The sequence of operations described with reference to FIG. 4 is the same for forming both the prior art disposable absorbent pads; and the elongate, disposable absorbent pads 10 of this invention having unique transverse end sea] bands 12, 14, respectively. The continuous method for forming absorbent pads 10 of this invention utilizes a unique step for forming the transverse seal bands 80 in the continuous composite structure (FIG. 4). The continuous composite structure is severed along the transverse medial lines of respective seal bands 80 to form the elongate, disposable absorbent pads 10 of this invention having unique transverse end seal bands 12, 14 (FIG. 3). The contribution of this invention to the state of the art can be best understood with reference to the discussion which follows relating to the problems encountered in the prior art method for continuously forming disposable absorbent pads, and to the specific step utilized to form the transverse seal bands in such prior art method.

PRIOR ART In the prior art method for forming absorbent pads the tension applied to the continuous fibrous envelope 18 by the driven belt assembly 106 resulted, in many instances, in an opening up of the webs of said continuous fibrous envelope 18 within the confines of the transverse seal bands 80 to thereby destroy the scaling effect of such bands. This problem was overcome by applying large compressive forces through sealing dies 76p, 78p (FIG. 7) to form the transverse seal bands 80. Unfortunately, these large compressive forces create excessive weakness of the continuous fibrous envelope 18 in the transverse seal bands which results, in many instances, in a separation of discrete sections from the continuous composite structure at the transverse seal bands prior to the completion of the pad forming operations. This separation of discrete sections requires machine down time to reposition the continuous composite structure for proper feed through the pad forming operations. The present invention resides in the recognition of the specific problem causing the unwanted separation of discrete sections, and to the unique solution to this problem.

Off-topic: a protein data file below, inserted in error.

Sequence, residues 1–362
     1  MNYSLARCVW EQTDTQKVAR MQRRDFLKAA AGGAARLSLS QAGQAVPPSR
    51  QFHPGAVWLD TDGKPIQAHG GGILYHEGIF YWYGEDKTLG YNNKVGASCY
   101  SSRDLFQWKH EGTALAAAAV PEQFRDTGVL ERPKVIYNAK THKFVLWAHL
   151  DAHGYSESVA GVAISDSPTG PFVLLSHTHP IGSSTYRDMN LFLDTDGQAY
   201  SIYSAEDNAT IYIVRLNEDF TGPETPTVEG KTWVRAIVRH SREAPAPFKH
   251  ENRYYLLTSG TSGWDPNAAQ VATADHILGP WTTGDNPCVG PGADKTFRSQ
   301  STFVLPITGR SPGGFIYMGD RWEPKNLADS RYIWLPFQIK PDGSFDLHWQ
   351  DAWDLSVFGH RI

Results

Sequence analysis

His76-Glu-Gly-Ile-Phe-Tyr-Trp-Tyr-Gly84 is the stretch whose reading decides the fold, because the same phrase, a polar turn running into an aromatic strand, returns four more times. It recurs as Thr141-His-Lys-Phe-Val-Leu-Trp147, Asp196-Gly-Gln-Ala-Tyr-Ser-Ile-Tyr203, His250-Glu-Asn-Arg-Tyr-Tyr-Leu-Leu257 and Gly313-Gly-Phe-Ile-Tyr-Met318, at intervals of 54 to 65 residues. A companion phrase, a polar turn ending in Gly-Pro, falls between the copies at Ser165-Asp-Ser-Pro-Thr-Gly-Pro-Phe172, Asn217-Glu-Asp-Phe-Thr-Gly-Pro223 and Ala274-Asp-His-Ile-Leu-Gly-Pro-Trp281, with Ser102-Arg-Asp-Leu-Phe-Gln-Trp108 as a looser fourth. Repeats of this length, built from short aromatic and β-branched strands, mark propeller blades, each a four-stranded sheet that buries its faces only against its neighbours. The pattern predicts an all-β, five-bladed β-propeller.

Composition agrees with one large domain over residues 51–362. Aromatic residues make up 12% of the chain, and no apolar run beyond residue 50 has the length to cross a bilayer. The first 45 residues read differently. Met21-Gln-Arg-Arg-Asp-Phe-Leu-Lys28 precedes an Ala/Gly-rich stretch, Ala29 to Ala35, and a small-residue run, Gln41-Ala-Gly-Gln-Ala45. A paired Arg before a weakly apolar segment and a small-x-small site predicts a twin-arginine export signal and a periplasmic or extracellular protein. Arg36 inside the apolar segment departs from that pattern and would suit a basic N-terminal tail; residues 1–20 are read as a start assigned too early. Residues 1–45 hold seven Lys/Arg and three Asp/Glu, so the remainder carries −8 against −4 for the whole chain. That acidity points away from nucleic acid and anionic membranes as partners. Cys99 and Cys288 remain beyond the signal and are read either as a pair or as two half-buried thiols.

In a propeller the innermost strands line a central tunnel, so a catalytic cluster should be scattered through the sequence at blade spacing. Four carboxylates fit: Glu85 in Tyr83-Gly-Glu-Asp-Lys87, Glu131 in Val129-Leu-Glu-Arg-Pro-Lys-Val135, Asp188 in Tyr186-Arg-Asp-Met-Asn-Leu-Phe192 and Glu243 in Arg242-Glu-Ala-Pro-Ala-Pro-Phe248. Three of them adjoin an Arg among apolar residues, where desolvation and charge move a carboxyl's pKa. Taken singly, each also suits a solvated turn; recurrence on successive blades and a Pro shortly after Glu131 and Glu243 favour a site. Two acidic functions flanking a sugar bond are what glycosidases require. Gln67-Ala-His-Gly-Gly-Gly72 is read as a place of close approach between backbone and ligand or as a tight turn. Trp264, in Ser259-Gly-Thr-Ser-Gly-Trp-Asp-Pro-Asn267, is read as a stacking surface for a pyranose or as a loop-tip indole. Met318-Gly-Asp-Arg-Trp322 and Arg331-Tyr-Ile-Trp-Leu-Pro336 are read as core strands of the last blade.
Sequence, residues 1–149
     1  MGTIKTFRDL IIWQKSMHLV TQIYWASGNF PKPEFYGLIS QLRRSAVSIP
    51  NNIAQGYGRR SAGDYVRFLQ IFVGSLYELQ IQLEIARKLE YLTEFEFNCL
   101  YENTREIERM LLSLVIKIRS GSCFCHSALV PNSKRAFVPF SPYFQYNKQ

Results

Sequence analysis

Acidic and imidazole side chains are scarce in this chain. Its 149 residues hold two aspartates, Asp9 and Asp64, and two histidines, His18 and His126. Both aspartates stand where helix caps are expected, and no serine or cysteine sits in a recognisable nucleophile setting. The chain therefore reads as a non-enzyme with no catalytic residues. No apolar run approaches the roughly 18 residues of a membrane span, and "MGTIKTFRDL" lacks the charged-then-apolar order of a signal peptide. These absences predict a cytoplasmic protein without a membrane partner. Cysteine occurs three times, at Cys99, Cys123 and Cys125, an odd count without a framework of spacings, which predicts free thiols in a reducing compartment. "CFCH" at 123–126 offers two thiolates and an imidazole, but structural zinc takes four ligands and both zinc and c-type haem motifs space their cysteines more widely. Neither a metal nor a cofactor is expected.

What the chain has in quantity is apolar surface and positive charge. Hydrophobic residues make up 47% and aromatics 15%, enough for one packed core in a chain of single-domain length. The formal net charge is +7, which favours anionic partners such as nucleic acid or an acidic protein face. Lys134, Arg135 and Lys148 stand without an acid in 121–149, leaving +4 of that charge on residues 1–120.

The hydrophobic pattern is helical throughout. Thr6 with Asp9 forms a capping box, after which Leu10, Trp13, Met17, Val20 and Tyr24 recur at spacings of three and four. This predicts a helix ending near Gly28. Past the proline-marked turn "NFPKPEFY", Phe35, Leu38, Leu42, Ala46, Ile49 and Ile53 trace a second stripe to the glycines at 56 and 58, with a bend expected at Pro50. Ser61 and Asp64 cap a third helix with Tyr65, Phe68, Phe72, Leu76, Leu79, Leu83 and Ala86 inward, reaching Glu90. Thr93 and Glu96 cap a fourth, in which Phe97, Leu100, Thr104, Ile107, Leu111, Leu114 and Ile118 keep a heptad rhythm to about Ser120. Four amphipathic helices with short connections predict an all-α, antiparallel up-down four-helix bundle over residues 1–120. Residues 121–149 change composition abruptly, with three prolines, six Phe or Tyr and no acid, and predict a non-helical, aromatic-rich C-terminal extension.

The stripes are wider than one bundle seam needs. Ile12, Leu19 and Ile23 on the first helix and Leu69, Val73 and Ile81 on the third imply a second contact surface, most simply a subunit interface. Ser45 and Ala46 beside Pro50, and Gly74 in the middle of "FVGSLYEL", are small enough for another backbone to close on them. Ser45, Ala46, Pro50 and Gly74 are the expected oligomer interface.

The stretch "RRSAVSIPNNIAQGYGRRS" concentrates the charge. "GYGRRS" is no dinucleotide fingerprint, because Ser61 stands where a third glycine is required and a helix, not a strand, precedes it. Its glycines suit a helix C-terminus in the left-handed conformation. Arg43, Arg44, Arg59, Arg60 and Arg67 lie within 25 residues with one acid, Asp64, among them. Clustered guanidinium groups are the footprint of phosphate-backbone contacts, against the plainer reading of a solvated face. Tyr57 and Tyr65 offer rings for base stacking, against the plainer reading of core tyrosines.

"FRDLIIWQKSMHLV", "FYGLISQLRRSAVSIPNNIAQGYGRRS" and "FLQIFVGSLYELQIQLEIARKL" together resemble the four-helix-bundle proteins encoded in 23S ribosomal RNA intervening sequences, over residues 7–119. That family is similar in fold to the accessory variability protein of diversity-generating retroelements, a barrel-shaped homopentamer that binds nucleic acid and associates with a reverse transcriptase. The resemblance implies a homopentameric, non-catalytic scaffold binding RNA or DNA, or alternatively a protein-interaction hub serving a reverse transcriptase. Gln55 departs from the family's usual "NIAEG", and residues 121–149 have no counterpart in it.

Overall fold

The prior art method for forming transverse seal bands 80 in the continuous composite structure, and the construction of the seal bands formed by such prior art method will be described in detail with reference to FIGS. 5 7. The transverse end seal bands in the completed absorbent pads are substantially identical to the transverse seal bands 80 formed in the continuous composite structure since the end seal bands in the com pleted absorbent pads are defined by portions of transverse end seal bands 80 resulting from the severing of the transverse seal bands 80 along their respective transverse medial lines. Therefore, the only difference between the seal bands 80 formed in the continuous composite structure, and the end seal bands of the completed absorbent pad, is that the end seal bands have a dimension in the elongate direction of the completed absorbent pad which is approximately one half of the corresponding dimension of the seal bands 80 formed in the continuous composite structure.